The January Budget Blues

It’s January which is usually a month paying off Christmas bills, cutting back on consumption – both dietary and commercial – as we knuckle down and try to get real as we set our goals or “resolutions”. For governments at all levels, one of the key budgetary pressures is infrastructure spending. It seems governments have underestimated or ignored the expensive, long term investments in public assets such as roads, bridges and public buildings. Some governments haven’t balanced their books on the operating side, offering more programs and services than they can afford. At some point, we will all have to come to terms with the issue, which will probably mean changing our expectations.

Our municipality has been fortunate and responsible, as was clearly illustrated by Director of Finance Kimberley Pope’s presentation a few weeks ago outlining the township’s reserves position, but we still have assets needing work, including our roads. Even the CBC is recognizing the need to replace its transmission towers in order to reliably deliver their broadcasts. For Toronto the answer to infrastructure requirements seems to be tolls, for the province a new carbon tax, and for municipalities, there is a whispered suggestion of an increase in the sales tax to fund aging infrastructure across the board.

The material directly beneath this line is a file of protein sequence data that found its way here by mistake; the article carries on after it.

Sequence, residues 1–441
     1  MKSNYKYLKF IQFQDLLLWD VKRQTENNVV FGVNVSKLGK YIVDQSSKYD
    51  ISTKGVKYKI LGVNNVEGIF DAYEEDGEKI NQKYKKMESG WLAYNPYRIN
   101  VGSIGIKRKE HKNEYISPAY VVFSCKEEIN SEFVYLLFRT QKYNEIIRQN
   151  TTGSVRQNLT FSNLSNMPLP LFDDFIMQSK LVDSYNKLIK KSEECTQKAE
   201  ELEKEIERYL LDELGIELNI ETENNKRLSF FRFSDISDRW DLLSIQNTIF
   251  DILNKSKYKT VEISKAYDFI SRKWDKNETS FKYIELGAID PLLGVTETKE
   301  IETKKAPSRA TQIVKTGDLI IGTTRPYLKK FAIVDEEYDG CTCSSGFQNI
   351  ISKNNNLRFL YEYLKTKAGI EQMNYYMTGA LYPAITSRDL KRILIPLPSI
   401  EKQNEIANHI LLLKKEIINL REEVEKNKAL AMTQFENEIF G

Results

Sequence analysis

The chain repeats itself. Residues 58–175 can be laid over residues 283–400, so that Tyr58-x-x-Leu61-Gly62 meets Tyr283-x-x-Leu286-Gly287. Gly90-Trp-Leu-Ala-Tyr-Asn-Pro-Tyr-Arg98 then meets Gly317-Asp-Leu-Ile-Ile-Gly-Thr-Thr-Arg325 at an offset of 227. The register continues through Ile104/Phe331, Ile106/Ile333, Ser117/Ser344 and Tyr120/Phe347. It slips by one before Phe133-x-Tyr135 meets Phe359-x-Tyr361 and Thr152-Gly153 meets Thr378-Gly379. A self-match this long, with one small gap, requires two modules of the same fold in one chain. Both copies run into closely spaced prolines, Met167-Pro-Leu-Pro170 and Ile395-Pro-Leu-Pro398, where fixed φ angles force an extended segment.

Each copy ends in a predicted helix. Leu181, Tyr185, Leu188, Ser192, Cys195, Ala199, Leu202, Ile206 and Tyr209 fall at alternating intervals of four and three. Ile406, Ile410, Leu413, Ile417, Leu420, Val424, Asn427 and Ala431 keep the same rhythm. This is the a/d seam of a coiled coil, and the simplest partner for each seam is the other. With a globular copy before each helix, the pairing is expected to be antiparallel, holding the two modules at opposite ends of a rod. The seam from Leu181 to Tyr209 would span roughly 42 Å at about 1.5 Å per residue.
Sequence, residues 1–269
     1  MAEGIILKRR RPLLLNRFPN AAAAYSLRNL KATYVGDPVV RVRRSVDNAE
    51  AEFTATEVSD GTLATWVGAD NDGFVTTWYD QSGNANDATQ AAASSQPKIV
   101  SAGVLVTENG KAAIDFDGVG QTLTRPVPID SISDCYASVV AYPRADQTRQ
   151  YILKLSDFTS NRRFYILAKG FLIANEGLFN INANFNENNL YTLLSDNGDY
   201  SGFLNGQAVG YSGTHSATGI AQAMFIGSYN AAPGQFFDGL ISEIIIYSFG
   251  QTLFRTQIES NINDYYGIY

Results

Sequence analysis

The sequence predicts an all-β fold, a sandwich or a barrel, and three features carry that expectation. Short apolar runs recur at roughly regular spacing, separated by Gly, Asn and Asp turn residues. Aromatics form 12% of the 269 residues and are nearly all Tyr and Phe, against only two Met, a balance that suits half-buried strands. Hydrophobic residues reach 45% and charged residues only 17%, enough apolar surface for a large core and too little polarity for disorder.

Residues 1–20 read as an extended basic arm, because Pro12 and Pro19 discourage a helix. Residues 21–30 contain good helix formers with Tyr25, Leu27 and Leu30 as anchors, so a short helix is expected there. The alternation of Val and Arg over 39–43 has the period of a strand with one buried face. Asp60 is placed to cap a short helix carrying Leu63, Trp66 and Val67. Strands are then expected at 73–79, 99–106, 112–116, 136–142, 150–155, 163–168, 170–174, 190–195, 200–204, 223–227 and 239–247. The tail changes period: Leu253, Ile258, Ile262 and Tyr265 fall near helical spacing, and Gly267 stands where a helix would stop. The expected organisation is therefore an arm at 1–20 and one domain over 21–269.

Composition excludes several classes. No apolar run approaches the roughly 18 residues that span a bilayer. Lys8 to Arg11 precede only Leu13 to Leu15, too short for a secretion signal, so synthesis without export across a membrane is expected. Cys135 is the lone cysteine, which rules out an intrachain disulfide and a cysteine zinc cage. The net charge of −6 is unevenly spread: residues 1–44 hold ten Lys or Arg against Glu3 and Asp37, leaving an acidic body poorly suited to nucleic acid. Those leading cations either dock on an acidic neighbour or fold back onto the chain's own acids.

There is also infrastructure pressure in the private sector. The CRTC announcement last month that high-speed internet will soon be considered a basic telecom service which will force service providers to develop capital assets in financially unrewarding markets. It’s a worthy but expensive cause.

Unlimited wants, limited resources- the fundamental justification for the study of economics. It is a tough balancing act for anyone. Not to be a party pooper, but do we really need to spend $45 million on sesquicentennial parties this year in the city of Ottawa alone? KG

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